res­i­dents passed a $135 mil­lion af­ford­able hous­ing bond. San Fran­cisco voted in a big-busi­ness tax ex­pected to raise $300 mil­lion a year for af­ford­able hous­ing and home­less ser­vices, Moun­tain View passed a sim­i­lar mea­sure to pad its gen­eral fund, which could help fund hous­ing, and East Palo Alto ap­proved an of­fice tax that will partly go to­ward fund­ing af­ford­able hous­ing.

A con­tro­ver­sial move to al­low cities to ex­pand rent con­trol was a re­sound­ing fail­ure, draw­ing am­biva­lent re­ac­tions. Some hous­ing ex­perts were dis­ap­pointed, say­ing Propo­si­tion 10 was needed to help renters sur­vive the over­heated mar­ket. But oth­ers breathed a sigh of re­lief, say­ing the mea­sure would have de­pressed new rental con­struc­tion.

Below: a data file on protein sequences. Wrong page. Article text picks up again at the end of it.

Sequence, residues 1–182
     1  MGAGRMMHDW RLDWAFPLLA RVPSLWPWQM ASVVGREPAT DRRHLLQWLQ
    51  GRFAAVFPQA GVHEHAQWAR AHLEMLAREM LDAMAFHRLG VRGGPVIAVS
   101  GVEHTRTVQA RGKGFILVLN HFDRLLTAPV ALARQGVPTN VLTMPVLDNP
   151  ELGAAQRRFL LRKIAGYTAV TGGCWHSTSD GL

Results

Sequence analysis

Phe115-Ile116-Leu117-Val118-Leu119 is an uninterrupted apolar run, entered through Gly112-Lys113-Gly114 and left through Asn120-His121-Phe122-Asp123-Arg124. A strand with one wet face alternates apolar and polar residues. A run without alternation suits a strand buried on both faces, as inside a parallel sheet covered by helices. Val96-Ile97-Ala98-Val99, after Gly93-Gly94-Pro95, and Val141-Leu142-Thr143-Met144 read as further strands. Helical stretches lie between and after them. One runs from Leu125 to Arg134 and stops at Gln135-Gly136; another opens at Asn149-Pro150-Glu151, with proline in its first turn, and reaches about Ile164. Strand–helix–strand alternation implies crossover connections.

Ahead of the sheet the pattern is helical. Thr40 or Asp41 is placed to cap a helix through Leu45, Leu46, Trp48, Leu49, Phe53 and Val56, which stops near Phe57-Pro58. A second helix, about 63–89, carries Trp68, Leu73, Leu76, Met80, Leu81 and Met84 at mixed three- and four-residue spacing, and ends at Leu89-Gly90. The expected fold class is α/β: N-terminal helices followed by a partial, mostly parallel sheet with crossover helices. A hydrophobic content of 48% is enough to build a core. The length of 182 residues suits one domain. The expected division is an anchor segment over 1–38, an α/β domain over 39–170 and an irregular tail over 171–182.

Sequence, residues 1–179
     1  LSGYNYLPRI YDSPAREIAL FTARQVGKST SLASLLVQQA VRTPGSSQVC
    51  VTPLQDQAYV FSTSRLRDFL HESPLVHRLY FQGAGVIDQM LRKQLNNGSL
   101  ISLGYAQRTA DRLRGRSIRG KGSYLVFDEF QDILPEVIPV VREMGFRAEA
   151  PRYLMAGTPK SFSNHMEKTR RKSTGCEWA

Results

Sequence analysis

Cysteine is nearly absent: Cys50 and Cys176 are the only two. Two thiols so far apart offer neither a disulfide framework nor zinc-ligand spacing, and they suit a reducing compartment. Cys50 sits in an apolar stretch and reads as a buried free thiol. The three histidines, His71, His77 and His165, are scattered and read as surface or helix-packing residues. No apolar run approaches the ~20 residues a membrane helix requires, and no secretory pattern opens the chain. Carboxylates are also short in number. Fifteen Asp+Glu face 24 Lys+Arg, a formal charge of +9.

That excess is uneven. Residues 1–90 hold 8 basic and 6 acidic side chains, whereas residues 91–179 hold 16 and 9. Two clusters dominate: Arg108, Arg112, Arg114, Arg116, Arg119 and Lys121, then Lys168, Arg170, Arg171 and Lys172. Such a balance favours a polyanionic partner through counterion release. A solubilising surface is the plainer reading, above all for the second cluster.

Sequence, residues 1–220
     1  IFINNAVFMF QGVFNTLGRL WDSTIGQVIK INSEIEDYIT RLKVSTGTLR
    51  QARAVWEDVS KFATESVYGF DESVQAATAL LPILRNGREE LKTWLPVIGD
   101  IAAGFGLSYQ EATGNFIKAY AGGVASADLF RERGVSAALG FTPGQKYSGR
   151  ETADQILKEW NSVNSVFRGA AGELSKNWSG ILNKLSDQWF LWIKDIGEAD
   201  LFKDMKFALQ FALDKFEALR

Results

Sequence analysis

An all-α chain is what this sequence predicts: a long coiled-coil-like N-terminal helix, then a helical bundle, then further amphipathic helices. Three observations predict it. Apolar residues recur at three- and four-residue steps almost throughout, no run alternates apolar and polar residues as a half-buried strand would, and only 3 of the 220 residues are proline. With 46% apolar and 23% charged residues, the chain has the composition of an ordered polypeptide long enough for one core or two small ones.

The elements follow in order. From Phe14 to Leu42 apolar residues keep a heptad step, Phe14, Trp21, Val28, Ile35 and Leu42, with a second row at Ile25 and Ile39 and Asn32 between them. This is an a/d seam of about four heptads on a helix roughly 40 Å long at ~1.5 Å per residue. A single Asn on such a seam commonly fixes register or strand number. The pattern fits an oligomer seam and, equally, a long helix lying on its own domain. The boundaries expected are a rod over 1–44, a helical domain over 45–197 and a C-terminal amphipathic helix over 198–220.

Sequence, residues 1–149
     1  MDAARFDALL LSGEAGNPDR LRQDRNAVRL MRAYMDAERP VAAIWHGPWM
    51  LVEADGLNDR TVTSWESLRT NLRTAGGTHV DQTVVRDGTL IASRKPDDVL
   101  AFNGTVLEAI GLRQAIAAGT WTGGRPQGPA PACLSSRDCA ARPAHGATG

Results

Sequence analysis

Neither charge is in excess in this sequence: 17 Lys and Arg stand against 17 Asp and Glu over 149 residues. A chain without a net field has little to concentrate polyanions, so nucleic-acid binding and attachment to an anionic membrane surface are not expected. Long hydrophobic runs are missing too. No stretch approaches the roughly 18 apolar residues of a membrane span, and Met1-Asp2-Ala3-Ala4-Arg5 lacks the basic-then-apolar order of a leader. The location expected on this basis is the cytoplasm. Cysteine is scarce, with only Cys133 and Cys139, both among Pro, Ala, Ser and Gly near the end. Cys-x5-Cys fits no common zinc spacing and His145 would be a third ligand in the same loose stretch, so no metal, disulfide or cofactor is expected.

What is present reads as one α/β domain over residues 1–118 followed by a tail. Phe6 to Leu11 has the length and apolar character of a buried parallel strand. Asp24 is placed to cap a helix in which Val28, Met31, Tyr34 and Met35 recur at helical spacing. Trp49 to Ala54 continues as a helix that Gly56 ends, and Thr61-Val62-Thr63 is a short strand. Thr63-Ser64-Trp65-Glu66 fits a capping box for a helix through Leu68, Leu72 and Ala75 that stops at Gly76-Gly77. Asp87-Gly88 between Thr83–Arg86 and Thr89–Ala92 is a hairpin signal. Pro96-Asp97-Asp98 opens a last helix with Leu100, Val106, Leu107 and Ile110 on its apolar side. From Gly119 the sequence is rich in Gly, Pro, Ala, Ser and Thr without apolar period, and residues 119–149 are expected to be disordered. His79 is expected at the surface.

In the South Bay, af­ford­able hous­ing ad­vo­cates were smarting as San Jose’s $450 mil­lion af­ford­able hous­ing bond strug­gled — gar­ner­ing 62 per­cent of the vote, but fall­ing short

of the 66 per­cent needed to pass. The city could have turned that money into about 3,600 new af­ford­able homes, said Jacky Mo­ralesFer­rand, San Jose’s hous­ing di­rec­tor.

“With­out that, we’re go­ing to have a large gap,” she said, “and we’re go­ing to be very chal­lenged in meet­ing the 10,000-unit goal.”

But even the losses — the large hous­ing bond in San Jose and oth­ers in Santa Cruz and Santa Rosa that needed two-thirds of the vote to pass — won sup­port from a ma­jor­ity of vot­ers.

“We’ve seen an in­creas­ing re­al­iza­tion from folks that we need to build more hous­ing,” said Ernest Brown, a vol­un­teer co-ex­ec­u­tive of YIMBY group East Bay for Every­one.

In Bris­bane, a mea­sure that would al­low the city just south of San Fran­cisco to dou­ble its hous­ing sup­ply held onto a nar­row lead, ahead by fewer than 80 votes.

At the state level, Prop. 1 and 2 alone could dou­ble the amount of af­ford­able

hous­ing sup­ported by state funds, which will help jump-start Bay Area de­vel­op­ment, said Kevin Zwick, CEO of Hous­ing Trust Sil­i­con Val­ley.